Now while measurement, to randomly get a given value, we need to get it from both ensembles of half-paths: toward past and future, so the probability of getting a value is multiplication of both amplitudes, which are usually equal - getting the Born rules:

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  22. Q-reeus Valued Senior Member

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    Adding a slightly different angle to what Fednis48 has covered: Treated as a classical charged spinning top, field angular momentum L of say an electron owes to integrating over all space for r × (E × B) and one easily finds the contribution from a shell of thickness dr centered about the spin axis, goes down as 1/r^3. That's net over the entire shell. How can it be reasonably expected that for large particle separations, such feeble transverse momentum densities could allow appreciable influence of one particle on the other? And that's leaving out any question of propagation delay.

    And how about experiments showing Bell violations involving neutrons, where a largely non-EM field? angular momentum must be tightly confined to a very small effective volume. An example of single-neutron experiment: http://physics.oregonstate.edu/~ostroveo/COURSES/ph651/Supplements_Phys651/Nature2003_EPR.pdf

    Taking a very different approach, Bryan Sanctuary claims to be able to reconcile locality and realism with Bell by modelling particle spin (or rather 2D spins) differently to the standard way:
    http://quantummechanics.mchmultimedia.com/2011/quantum-mechanics/009-disproof-of-bells-theorem/
    Given Fednis48 is evidently the best informed here re Bell inequalities, it might be interesting to get his take on that.

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  23. Fednis48 Registered Senior Member

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    Cool stuff about random walks! Statistical mechanics always go a little over my head, but it's pretty cool that you can recover Anderson localization and the Born rule by just maximizing entropy over classical paths. Also, the plots are pretty, which is always one of my primary criteria for evaluating papers outside my field.

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    Back to the topic at hand, though, I think I may finally see your confusion. I certainly agree that solitons have information about both spins spread throughout all of space, but that's not enough. In fact, let's go a step further and consider the most powerful classical measurement possible: observe data that tells you the exact, pre-measurement state of both particles, then apply some function to that data that outputs one of two outcomes. Such a measurement is still not enough to violate Bell's inequality, because each observer only knows the pre-measurement state of the particles. To reach quantum-mechanical levels of correlations, each measurement outcome needs to depend not only on the states of the particles, but also on what measurement the other observer chose to make. Solitons provide a clear mechanism for the former, but no mechanism for the latter, as far as I can tell.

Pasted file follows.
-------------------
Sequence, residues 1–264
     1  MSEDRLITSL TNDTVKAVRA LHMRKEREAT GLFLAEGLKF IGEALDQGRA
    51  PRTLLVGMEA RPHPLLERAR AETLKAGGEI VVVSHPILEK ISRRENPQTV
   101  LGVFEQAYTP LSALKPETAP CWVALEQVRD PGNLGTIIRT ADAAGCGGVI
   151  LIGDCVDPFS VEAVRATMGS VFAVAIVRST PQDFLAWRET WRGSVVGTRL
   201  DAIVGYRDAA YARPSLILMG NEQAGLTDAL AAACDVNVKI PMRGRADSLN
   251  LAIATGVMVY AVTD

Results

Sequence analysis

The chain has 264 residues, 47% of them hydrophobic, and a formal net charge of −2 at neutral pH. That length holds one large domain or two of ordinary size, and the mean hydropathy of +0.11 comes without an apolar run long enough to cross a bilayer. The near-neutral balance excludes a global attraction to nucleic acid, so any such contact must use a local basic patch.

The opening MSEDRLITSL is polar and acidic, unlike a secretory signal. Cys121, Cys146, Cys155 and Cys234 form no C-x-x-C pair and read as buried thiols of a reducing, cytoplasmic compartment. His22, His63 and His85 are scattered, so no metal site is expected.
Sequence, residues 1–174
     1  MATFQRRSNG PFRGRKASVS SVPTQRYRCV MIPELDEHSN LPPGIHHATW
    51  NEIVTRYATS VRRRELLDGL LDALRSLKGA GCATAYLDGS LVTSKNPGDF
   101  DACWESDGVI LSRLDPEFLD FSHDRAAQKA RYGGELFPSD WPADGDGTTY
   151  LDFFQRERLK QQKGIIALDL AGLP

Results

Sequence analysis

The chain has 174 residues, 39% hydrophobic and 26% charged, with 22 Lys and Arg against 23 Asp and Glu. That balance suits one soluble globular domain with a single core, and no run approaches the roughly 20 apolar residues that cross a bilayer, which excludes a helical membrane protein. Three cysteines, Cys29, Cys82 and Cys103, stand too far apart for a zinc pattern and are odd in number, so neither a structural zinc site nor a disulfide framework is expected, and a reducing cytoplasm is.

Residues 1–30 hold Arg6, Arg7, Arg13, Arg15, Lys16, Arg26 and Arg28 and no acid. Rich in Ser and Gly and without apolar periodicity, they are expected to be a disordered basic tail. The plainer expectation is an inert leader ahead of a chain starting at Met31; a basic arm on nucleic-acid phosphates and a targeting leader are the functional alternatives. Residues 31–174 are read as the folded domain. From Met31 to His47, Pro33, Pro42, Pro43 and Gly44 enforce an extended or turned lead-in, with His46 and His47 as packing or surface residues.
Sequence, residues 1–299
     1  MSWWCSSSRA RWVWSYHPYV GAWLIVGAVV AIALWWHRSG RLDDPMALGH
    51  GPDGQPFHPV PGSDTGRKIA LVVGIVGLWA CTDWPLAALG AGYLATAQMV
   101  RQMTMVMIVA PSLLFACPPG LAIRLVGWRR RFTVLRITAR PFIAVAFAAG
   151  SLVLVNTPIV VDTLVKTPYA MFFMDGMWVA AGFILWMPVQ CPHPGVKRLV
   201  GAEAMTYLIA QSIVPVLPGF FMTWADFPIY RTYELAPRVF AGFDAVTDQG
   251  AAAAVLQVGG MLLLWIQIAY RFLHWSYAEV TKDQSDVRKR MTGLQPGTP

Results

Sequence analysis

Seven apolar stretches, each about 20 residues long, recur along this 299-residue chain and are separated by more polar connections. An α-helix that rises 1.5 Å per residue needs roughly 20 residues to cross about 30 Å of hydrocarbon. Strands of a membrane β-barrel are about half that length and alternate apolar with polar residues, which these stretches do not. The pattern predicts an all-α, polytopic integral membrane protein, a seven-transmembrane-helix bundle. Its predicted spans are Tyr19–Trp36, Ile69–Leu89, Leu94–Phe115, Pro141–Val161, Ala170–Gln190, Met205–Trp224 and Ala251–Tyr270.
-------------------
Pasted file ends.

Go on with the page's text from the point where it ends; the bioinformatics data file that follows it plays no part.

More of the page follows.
Beyond that, I'm running up against the limits of how precisely I can explain why Bell's inequality applies to solitons. Bell's inequality (or at least, the two-particle version of it) requires measurements of spin at 45-degree angles to one another, so for me to get any more specific, you'll have to provide some model of solitons that supports more than two directions of spin. Otherwise, all I can say is that your arguments seem to stem from defining "locality" differently from Bell, and if you actually go through any proof of Bell's theorem, you'll never find any steps that stop being correct for solitons.

    I didn't know they'd done Bell inequality violations with neutrons - nifty!

    As for that link, Bryan Sanctuary seems to be a big fan of Joy Christian's work. In reading his blog, I think I've actually come to a better understanding of where Christian's primary error is. The math is obtuse enough that I can't say for sure, but I think that both authors are looking at direct correlations between spins, rather than correlations between measurements of spins. By applying fancy models of the spins, they come up with more complicated formulas for spin-spin correlations, which can exceed Bell inequality bounds. But in doing so, they sacrifice the connection between their formulas and experimental results. In Bell inequality experiments, some physics leads to Alice's and Bob's binary measurement outcomes, which they write down in their lab notebooks. That's where the physics stops. To look for Bell inequality violations, they punch the numbers into Matlab and calculate a well-defined correlations function. Does that function really capture the correlations between the spins themselves? Maybe not, but Bell's theorem doesn't care, because it puts bounds on the correlation function as traditionally defined. That's what I meant before when I said that Bell's theorem is really about statistics, rather than physics.

    (Addendum: I think the most convincing argument that Sanctuary is making this mistake comes near the top of post 009b, where he says Bell's original equation 1 is mistaken. He says that because spin can point in any direction, the functions A and B should not be restricted to having values of plus/minus one. But A and B are measurement outcomes, so they can only be plus/minus one by definition, independent of any physics.)